I get loads of email, loads, and a large chunk of them are advertising. In an effort to save money I’d signed up to receive the latest offers from, well it would seem just about everybody. I follow them on Facebook too, just so I don’t miss out.
It seems that I have a case of FOMO (Fear of Missing Out) and it’s costing me money. If you find yourself hovering over the unsubscribe link but feel a sudden angst you may be afflicted too. The good news is, I’m getting past it and I’ve got some tips so that you can too.
FOMO: Fear of Missing Out (on bargains!)
Fear of missing out is something I am sure all of us have experienced in some way at some time. In the age of social media it’s known as FOMO, and is most commonly associated with millenials. Seeing their peers lives played out in real time across Instagram, stokes feelings of anxiety and indecision in FOMO suffers who lose enjoyment in what they are doing to constant obsessing over what they might be missing out on.
FOMO in the digital age plays out somewhat differently for me. I’m not afraid of missing the party of the century – I’m afraid of missing the bargain of the century.
In my circles, it’s all about bargains. When we talk buying stuff we talk bargains, savings, deals. I mean what sucker pays full price these days/ When someone says “nice skirt”, what do you reply? NOT “oh thanks, I paid full retail for it”! To keep up I subscribe to emails from all sorts of stores, daily deal and group buying sites.
The price of buying into bargain hunting
With the current financial situation, bargain hunting has really come to the fore. It’s okay to be cheap, in fact it’s kind of insensitive not to be. Marketers keep us buying more by convincing us of the great savings.
In buying into this culture, I’ve created a big problem for myself. You see, I also buy into believing that materialism is not the answer, that mindless over-consumption is ruining our lives and our planet. So yeah, there’s some conflict there. Constantly trying to reconcile it is exhausting.
Over-spending and over-accumulation isn’t the worst part of the problem for me. It’s the self denial! Sure I make the occasional impulse purchase but its not out of control. For the most part I am good at resisting. And that is the problem – the resisting. It takes a lot of energy to resist. These offers are tempting, they lead me to want stuff, to desire stuff, and then deny myself. Over and over again. You can only deny yourself so often and then surely you deserve it, right? Marketers 1, Self 0.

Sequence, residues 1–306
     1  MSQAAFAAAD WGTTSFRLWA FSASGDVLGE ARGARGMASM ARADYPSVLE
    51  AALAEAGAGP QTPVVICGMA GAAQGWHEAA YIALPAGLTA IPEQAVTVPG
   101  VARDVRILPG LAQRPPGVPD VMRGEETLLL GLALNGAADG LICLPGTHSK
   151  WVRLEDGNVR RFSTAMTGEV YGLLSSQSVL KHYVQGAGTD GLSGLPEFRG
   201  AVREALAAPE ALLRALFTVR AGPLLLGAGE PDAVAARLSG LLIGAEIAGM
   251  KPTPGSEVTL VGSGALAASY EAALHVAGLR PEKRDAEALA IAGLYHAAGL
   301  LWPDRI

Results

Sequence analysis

Taking back control of your bargain-hunting
To get out of this cycle of temptation, self denial, capitulation and guilt I needed a new approach. I wanted a way I could shop around online, without ending up just shopping.
From my experience, here are three things you can do to take control of your bargain hunting.
- Unsubscribe from email offers and Facebook too!
Remember the old adage “the deal of a lifetime comes along once a week”. How much will you really be missing out on?
Unsubscribing was liberating, but also somewhat angsty. I haven’t unsubscribed from everything. The weekly specials at my supermarket are really handy for meal planning. There are a few places that have genuine sales a few times a year for kids clothes, shoes and toys that I plan around, so I kept those.
Another area of concern for me was missing out on discount vouchers for local family attractions. So instead of voucher sites, which send me all kinds of other offers, I am following the attractions I visit and want to visit directly. They’ll let me know about the deals I want without wasting energy on the other stuff. I did miss out on a half price deal at the zoo the other day – but no great loss and I’m sure there will be another one soon.
- Write a shopping list
Yes, the object is to buy less. How does writing a shopping list help? It’s all about getting intentional about your spending. I now have lists for my clothes, major household items, kids clothes and kids equipment. When writing and revising these lists I think about what I need: do I really need it? Do I need it now? What priority is it compared to other things?
Having it written down keeps me focused on my priorities, not those of marketers. I stick to comparing prices for the stuff on the list only (mostly!). Writing the list also gives time for reflection before purchasing – I’ve been surprised that if I just wait it turns out that I don’t need the stuff I thought I needed after all, and I get along just as comfortably without it.
- Apply the “stranger test”
The “stranger test” is a quick and easy one to clarify your priorities. If you’re about to make a purchase, especially an impulse purchase, and you have some doubt ask yourself this: If a stranger came and offered me the value of the item I am about to purchase in cash, what would I want – the cash or the item?
Am I over my FOMO? Maybe a little, but not really. Instead I’ve accepted it and in doing so gained some of power back. I’ve acknowledged it as a weak spot and from there developed some simple strategies that, in the face of FOMO, help me keep my money mojo.
Need more help with preventing impulsing buying? Check out my mantras to stop impulse purchases.
Are you a bargain hunter? What strategies do you use to stop yourself over buying?